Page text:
Will not heaven be appreciated by the worldly wise men?—O, yes; there they will find rest and peace and repose from all trifling, all ambition, all self-serving. Urge them to seek for the peace and happiness and joy that Christ is longing to bestow upon them. Urge them to give their attention to securing the richest gift that can be given to mortal man,—the robe of Christ’s righteousness. Christ offers them a life that measures with the life of God, and a far more exceeding and eternal weight of glory. If they accept Christ, they will have the highest honor — honor which the world can neither give nor take away. They will find that in the keeping of the commandments of God there is great reward. { GW 349.3} 
 
  The highest honor that can be conferred upon human beings, be they young or old, rich or poor, is to be permitted to lift up the oppressed, to comfort the feeble-minded. The world is full of suffering. Go, and preach the gospel to the poor; heal the sick. This is the work to be connected with the gospel message. "The poor have the gospel preached to them" (Matt. 11:5). Colaborers with God are to fill the space they occupy in the world with the love of Jesus. . . . The love of Christ in the heart is expressed in the actions. If love for Christ is dull the love for those for whom Christ died will degenerate. . . .  {HP 173.4}

 

One reminder alone remains: Our Redeemer will ever bear the marks of His crucifixion. Upon His wounded head, upon His side, His hands and feet, are the only traces of the cruel work that sin has wrought. Says the prophet, beholding Christ in His glory: “He had bright beams coming out of His side: and there was the hiding of His power.” Habakkuk 3:4, margin. That pierced side whence flowed the crimson stream that reconciled man to God—there is the Saviour’s glory, there “the hiding of His power.” “Mighty to save,” through the sacrifice of redemption, He was therefore strong to execute justice upon them that despised God’s mercy. And the tokens of His humiliation are His highest honor; through the eternal ages the wounds of Calvary will show forth His praise and declare His power. { GC 674.2}   Read entire Chapter 42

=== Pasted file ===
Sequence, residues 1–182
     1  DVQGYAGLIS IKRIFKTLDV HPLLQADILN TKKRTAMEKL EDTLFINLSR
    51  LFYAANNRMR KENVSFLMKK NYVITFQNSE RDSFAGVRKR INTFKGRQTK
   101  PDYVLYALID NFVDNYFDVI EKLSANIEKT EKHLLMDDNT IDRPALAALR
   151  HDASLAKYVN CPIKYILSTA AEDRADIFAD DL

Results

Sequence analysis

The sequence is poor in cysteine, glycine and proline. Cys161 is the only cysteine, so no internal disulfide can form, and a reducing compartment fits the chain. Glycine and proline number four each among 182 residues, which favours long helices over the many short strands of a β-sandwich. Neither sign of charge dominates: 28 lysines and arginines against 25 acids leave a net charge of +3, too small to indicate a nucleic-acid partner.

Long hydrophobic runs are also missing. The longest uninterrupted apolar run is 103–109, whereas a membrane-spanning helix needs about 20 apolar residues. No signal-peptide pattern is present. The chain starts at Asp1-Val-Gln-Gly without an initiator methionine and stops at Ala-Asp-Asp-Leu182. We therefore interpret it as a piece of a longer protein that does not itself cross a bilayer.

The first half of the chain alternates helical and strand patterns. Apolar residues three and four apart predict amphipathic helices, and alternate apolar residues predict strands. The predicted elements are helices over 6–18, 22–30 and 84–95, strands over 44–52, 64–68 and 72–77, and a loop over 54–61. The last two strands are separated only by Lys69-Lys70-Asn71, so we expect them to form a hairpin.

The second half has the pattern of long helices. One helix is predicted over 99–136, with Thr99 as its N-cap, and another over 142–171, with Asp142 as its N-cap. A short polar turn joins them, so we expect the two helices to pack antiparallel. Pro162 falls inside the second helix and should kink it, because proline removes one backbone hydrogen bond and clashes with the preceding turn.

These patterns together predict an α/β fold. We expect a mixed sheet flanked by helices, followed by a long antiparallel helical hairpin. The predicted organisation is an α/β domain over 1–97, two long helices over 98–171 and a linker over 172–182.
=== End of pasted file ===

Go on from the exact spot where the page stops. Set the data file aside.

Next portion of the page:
More than eight thousand of the descendants of Aaron and of the Levites waited upon David. The change in the sentiments of the people was marked and decisive. The revolution was quiet and dignified, befitting the great work they were doing. Nearly half a million souls, the former subjects of Saul, thronged Hebron and its environs. The very hills and valleys were alive with the multitudes. The hour for the coronation was appointed; the man who had been expelled from the court of Saul, who had fled to the mountains and hills and to the caves of the earth to preserve his life, was about to receive the highest honor that can be conferred upon man by his fellow man. Priests and elders, clothed in the garments of their sacred office, officers and soldiers with glittering spear and helmet, and strangers from long distances, stood to witness the coronation of the chosen king. David was arrayed in the royal robe. The sacred oil was put upon his brow by the high priest, for the anointing by Samuel had been prophetic of what would take place at the inauguration of the king. The time had come, and David, by solemn rite, was consecrated to his office as God’s vicegerent. The scepter was placed in his hands. The covenant of his righteous sovereignty was written, and the people gave their pledges of loyalty. The diadem was placed upon his brow, and the coronation ceremony was over. Israel had a king by divine appointment. He who had waited patiently for the Lord, beheld the promise of God fulfilled. “And David went on, and grew great, and the Lord God of hosts was with him.” 2 Samuel 5:10. { PP 701.3}